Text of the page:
Fran?aise, 22ed. 18nt-Vallier, Estat prsent de lEglise

      The events that followed form part of the general history of that time. The Government well knew that they were more popular in the country than their opponents. In the few days that succeeded, during which men were doubtful if they would resign, the Minister had had time to feel the power of that popularity, and the value of the support of the Free Trade party. To satisfy the selfish expectations of the more bigoted of his own supporters must have seemed to him more and more helpless. To break with them, and to look elsewhere for the support which their vindictiveness would inevitably render necessaryto become less a leader of a class, and more a statesman seeking the true foundations of power in a steady regard to the welfare of the great bulk of the communitywere ideas naturally present to the Minister's mind. When he met Parliament again to announce the determination of the Government to ask the House to reconsider its decision, his tone was observed to be more bitter than before. His allusions to the defections of his own followers were significant; but they plainly indicated that his course was taken. "We cannot conceal from ourselves," he said, "that in respect to some of the measures we have proposed, and which have been supported, they have not met with that cordial assent and agreement from those for whose character and opinions we entertain the[514] highest and sincerest respect. But I am bound to say, speaking here of them with perfect respect, that we cannot invite their co-operation and support upon the present occasion by holding out expectations that we shall take a middle or other course with regard to those measures which we believe to be best for the interests of the country, and consistent with justice." This modest but firm defiance of the ultra-Protectionist party was not lost upon the Free Traders in the House; neither were the Minister's further remarks"We have thought it desirable to relax the system of Protection, and admit into competition with articles of the domestic produce of this country articles from foreign lands. We have attempted to counsel the enforcement of principles which we believe to be founded in truth, and with every regard for existing institutions, and with every precaution to prevent embarrassment and undue alarm."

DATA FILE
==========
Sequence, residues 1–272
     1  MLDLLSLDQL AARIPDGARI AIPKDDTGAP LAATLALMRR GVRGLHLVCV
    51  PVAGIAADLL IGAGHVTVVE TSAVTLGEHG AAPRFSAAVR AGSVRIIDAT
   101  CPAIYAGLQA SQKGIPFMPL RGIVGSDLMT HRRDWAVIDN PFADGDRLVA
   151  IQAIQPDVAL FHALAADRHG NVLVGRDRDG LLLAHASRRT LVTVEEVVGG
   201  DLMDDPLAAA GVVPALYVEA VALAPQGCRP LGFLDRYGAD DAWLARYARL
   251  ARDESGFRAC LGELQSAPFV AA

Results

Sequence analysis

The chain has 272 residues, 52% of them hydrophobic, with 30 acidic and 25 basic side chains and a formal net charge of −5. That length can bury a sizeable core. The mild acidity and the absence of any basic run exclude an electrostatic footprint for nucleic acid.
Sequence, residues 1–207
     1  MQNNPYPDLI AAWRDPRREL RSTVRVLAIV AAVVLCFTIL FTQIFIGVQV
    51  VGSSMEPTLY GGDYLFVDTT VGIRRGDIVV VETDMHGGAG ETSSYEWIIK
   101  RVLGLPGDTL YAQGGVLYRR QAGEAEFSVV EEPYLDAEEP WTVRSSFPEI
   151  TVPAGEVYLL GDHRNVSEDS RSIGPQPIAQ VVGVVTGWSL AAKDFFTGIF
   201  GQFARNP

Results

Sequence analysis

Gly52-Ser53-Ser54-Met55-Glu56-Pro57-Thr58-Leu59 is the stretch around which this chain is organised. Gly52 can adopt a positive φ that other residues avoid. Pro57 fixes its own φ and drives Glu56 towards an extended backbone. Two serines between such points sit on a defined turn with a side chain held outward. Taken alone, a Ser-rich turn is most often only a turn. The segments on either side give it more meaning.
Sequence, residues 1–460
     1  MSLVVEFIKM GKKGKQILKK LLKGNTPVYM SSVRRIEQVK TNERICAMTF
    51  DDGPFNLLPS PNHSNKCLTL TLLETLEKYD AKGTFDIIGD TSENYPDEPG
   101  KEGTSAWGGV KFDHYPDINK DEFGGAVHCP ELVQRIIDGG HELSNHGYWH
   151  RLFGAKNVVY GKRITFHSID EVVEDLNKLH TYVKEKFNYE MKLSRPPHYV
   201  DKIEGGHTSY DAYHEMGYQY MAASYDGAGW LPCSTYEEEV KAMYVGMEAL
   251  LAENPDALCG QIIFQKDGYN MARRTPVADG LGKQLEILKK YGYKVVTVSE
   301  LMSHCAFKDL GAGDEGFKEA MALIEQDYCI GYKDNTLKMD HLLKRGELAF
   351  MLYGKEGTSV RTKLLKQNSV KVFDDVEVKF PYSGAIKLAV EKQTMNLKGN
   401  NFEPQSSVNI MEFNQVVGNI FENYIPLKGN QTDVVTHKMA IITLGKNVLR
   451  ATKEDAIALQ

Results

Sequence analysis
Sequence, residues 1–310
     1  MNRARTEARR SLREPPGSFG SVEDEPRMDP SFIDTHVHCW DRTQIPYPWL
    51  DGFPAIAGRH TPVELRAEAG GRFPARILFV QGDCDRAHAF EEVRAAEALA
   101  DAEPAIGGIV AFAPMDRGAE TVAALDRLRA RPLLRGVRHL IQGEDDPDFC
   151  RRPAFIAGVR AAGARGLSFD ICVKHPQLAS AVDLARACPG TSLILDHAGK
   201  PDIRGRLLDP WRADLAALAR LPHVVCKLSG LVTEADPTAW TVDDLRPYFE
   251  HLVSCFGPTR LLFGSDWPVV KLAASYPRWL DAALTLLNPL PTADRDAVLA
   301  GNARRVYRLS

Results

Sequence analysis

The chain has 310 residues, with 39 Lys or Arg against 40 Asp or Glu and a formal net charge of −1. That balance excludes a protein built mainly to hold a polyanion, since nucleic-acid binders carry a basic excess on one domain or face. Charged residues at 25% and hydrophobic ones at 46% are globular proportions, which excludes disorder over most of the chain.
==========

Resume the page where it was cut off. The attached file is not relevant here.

governor of Montreal was to have 1,800 francs, and the